He said conflict had disrupted their campaigning, too. “It’s also impossible for us to go to areas [in northern Shan] where armed clashes are occurring,” he said.
The most obvious and most analysed impact of armed conflict in Myanmar is cancelled constituencies: areas of the country where the Union Election Commission deems that it’s not possible for voting to go ahead, because of recent fighting or threats to voters or candidates, or because territory is under the control of non-state armed groups.
Conflict has affected every election in Myanmar since independence to some degree, but this year’s cancellations were more widespread – and more controversial – than in 2015 or 2010.
Voting has been cancelled in 15 entire townships – up from seven in 2015 – meaning voters in those areas will not have the chance to elect representatives to any house of parliament, although by-elections can be held from early 2022.
Voting has also been cancelled in hundreds of additional wards and village tracts in 41 townships in Rakhine, Shan, Kachin, Kayin and Mon states, as well as Bago Region. More than 1.4 million people have reportedly been disenfranchised in total.
Map created by Thibi
Among the townships in eastern Shan State cancelled entirely were four in areas controlled by the United Wa State Army and one under the control of the National Democratic Alliance Army. These had also been cancelled in previous elections, in 2010 and 2015, because the government does not have the administrative offices there that are needed to manage the vote.
Unlike in 2015, voting was also cancelled in Mongkaing, in central Shan State, where the RCSS is active.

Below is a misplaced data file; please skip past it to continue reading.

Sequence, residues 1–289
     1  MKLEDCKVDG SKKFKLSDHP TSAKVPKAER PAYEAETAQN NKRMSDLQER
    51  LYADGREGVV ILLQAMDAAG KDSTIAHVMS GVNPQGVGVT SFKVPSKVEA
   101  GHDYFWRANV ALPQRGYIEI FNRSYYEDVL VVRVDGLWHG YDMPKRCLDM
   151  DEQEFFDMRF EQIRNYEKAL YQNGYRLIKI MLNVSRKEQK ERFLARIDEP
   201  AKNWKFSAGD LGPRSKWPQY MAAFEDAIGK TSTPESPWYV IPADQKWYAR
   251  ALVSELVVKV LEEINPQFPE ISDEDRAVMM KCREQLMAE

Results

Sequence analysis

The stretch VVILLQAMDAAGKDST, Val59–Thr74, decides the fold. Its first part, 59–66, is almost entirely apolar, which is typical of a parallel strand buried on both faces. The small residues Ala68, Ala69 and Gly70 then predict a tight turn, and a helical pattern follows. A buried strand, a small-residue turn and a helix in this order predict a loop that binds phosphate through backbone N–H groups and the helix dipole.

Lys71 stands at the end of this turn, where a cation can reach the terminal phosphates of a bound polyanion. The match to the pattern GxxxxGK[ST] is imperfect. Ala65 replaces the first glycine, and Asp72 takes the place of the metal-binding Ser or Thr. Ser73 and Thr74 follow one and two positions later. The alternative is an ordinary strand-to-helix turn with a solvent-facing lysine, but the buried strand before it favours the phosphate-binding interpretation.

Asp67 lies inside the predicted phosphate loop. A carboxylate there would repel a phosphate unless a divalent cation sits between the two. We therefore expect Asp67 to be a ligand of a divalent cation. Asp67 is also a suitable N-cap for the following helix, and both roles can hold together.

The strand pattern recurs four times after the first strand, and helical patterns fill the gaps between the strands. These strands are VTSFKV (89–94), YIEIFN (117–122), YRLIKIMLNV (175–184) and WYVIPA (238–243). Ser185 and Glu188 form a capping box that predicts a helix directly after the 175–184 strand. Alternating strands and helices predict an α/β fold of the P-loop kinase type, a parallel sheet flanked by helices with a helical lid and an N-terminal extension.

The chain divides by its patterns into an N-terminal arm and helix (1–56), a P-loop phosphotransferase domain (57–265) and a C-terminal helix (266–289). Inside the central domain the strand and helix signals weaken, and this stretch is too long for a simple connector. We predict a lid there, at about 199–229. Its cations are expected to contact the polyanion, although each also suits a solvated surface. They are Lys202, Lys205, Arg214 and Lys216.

The big difference though was Rakhine State, where voters in nine townships in central and northern areas will not have the chance to elect representatives due to conflict between the Tatmadaw and Arakan Army – mostly in constituencies that in 2015 went heavily for the nationalist Arakan National Party.
The cancellations in Rakhine were hardly unexpected, given the fierce conflict between the Tatmadaw and AA that has raged since late 2018, leaving thousands dead and around 235,000 displaced, according to civil society estimates.
Speaking prior to the announcement on October 16, Rakhine party officials said the ever-present threat of conflict meant most people weren’t interested in voting anyway.
“In this situation, it’s like urging people to walk over dead bodies to get to the polling station,” said Daw Aye Nu Sein, a spokesperson for the Arakan National Party. “Many villages are deserted, there’s no one there and no security. People are not interested in the election.”
Map created by Thibi
In such an active conflict, lack of security had been a problem for candidates from all parties, said U Maung Than Sein, the ANP lawmaker for Kyauktaw-2, where the Tatmadaw has been undertaking counterinsurgency “clearance operations” to flush out AA forces.
“Almost every day – day and night – you can hear the sound of artillery fire and machine guns,” he said.
“All political parties are facing the same insecurity,” said U Soe Lay, the NLD’s deputy chair for Rakhine State.